The first thing you need to remember is that Akihito is the son of Hirohito, the god-like emperor who reigned over Japan during its nearly 15-year rampage across Asia in the 1930s and 40s. Akihito was 12 when the war ended with the atomic bombing of Hiroshima and Nagasaki.
At some point in his education, some say under the influence of his American tutor Elizabeth Gray Vining, Akihito became a confirmed pacifist, and he remains so today. He has told people his greatest contentment comes from knowing that during his reign, not a single Japanese soldier has been killed in war or armed conflict.
The emperor has made it his job to reach out to Japan's former enemies and victims. From Beijing to Jakarta, Manila to Saipan, he has sought to heal the wounds inflicted under his father.
"He created a new role for the emperor, and that is the nation's chief emissary for reconciliation, criss-crossing the region, making gestures of atonement and contrition. Basically, trying to heal the scars of wartime past," says Prof Kingston.
In the 1990s that was relatively uncontroversial. Japanese politicians encouraged the emperor, arranging a landmark trip to China in 1992. But as he has grown older, Japanese politics has moved dramatically to the right.
The old "apology diplomacy" is out of favour, as is pacifism. The current prime minister, Shinzo Abe, had vowed to rid Japan of its pacifist constitution. He and others on the right want to bring back patriotic education, and expunge what they call the "historical masochism" of the post-war era.
In subtle, but determined ways, Emperor Akihito has repeatedly shown his disdain for the revisionists. In 2015, on the 70th anniversary of the end of the war, Mr Abe gave a speech.
"He basically said that the peace and prosperity we enjoy today is owing to the sacrifice of the three million Japanese who died during the war," says Prof Kingston.
"The next day, Akihito was having none of that. He made a speech saying the prosperity we enjoy today is down to the hard work and sacrifice of the Japanese people after the war."
To the millions of Japanese watching on TV, it was an unmistakable slapdown.
On another occasion at a royal garden party in Tokyo, a right-wing member of the Tokyo metropolitan government proudly told the emperor that he was in charge of making sure all teachers stand and face the flag when they sing the national anthem.
The emperor gently but emphatically admonished the bureaucrat.
"I am in favour of individual choice," he said.
The long farewell
Throughout his reign, the emperor has been inseparable from his most important companion and advisor, Empress Michiko. She was born a commoner, and has, at times, found life in the imperial household extremely hard. In 1993, the empress collapsed from mental exhaustion and for two months she lost the ability to speak.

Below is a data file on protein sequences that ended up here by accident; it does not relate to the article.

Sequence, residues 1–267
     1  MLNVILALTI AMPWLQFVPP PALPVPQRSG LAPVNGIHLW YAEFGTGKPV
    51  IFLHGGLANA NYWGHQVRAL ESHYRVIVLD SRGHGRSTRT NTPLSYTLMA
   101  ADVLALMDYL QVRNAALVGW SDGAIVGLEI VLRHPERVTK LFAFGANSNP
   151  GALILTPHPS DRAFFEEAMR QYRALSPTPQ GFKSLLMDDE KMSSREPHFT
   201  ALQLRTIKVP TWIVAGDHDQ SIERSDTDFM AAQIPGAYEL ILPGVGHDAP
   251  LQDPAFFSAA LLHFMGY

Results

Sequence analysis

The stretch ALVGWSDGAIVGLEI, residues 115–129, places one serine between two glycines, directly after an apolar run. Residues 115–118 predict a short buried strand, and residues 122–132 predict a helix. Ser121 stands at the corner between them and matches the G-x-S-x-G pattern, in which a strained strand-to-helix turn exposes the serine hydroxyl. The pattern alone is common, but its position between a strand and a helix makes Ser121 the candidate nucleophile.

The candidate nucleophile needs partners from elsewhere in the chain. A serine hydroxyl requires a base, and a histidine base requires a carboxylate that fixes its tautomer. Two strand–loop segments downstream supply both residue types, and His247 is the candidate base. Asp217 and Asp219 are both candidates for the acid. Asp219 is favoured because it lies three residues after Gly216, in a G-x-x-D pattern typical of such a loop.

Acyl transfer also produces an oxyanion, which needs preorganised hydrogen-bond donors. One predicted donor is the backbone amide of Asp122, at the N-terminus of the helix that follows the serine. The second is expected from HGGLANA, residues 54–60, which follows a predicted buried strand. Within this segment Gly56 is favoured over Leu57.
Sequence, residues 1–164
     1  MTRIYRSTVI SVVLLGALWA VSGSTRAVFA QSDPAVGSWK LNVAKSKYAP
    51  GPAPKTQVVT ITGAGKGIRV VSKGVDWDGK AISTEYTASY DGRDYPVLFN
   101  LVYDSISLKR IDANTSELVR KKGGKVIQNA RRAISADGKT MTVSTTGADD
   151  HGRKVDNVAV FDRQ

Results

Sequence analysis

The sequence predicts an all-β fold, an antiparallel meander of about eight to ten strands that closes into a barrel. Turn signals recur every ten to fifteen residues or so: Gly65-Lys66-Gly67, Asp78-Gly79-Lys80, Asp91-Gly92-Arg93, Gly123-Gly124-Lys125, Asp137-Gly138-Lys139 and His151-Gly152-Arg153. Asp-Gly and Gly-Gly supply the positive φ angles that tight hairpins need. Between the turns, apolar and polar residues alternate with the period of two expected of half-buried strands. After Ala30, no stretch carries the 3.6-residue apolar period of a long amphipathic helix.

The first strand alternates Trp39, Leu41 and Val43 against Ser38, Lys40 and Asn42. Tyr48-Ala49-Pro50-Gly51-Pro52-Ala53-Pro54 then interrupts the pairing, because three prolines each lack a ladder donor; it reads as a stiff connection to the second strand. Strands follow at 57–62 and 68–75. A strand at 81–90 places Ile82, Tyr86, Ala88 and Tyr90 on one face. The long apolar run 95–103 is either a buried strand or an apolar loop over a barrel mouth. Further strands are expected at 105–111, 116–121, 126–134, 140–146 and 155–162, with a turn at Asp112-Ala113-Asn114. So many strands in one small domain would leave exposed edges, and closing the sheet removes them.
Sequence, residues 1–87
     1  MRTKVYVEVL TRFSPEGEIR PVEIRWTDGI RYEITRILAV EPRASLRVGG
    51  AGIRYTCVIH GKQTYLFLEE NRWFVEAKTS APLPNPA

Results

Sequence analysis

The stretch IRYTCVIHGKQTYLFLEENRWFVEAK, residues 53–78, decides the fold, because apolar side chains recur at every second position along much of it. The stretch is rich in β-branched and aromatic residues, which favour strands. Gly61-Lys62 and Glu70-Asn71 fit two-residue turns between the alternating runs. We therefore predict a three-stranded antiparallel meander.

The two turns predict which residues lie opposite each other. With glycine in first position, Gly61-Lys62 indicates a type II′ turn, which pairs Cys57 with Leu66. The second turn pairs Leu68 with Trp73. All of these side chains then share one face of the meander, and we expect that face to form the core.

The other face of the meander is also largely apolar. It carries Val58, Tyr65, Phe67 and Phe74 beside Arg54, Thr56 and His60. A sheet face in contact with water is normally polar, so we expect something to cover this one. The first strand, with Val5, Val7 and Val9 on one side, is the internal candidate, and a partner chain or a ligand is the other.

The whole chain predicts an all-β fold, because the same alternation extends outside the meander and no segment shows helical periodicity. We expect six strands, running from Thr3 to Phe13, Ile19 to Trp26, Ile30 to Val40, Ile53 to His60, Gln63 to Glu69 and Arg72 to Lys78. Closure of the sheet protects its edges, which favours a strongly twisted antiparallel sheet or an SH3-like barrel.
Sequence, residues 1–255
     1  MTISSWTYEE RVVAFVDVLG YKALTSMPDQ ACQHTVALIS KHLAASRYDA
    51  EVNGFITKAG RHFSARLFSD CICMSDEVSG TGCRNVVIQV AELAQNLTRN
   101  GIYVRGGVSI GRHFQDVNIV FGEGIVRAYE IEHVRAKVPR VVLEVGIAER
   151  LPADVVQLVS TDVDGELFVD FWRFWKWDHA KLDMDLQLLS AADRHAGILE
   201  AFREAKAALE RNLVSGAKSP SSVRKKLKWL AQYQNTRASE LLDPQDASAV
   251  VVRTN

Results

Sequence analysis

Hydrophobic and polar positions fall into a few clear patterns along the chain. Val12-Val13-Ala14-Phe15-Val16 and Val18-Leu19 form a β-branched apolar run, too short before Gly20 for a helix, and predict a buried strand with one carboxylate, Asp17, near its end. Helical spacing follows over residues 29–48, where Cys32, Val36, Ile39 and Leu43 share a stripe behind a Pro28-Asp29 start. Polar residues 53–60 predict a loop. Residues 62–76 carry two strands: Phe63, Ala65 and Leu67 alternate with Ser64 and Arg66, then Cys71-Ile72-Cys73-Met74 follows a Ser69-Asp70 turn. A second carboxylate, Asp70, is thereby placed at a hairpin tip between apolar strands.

Writing recently, she spoke of her awe at her husband's resolve.
"His duties required of him in his role are the utmost priority at all times and personal matters take second place," she wrote, "and that is exactly how he has lived these nearly 60 years."
But for some time, Emperor Akihito has been in declining health. He has had cancer and major heart bypass surgery. Those close to him say he has become increasingly worried that poor health would incapacitate him and make it impossible for him to carry out his official duties.
As far back as 2009, the emperor began quietly agitating to be allowed to hand the throne to his son. This is no easy task.
The post-war constitution makes it clear emperors are to serve "for life". And so, according to Prof Takeshi Hara, of Japan's Open University, the politicians ignored the emperor's requests.
"Over the course of nine years, none of the governments sympathised with the emperor's feelings," he says. "They felt that if they complied with the emperor's desire to abdicate, this would show the emperor has power to make important decisions, and that is against the constitution."
It is a very Japanese conundrum. In increasing desperation, Prof Hara says the emperor and imperial household agency cooked up a scheme.
"The emperor and the Imperial Household Agency were growing more and more impatient," he says. "So someone in the Household Agency leaked the information to NHK (Japan's national broadcaster). Then NHK broadcast news of the emperor's request."
It was a huge scoop for Japan's national broadcaster and it broke the impasse. A month later the emperor went on TV for a second time to appeal directly to the Japanese people, explaining his wish to step down and hand the throne to his son.
Opinion polls showed the overwhelming majority of Japanese supported the emperor's wish. Mr Abe and the conservatives had no choice but to comply. It has taken nearly another two years, but now Emperor Akihito will finally be able to enjoy his retirement.
The country will officially begin a new era on 1 May, when Crown Prince Naruhito ascends to the Chrysanthemum Throne as the new emperor.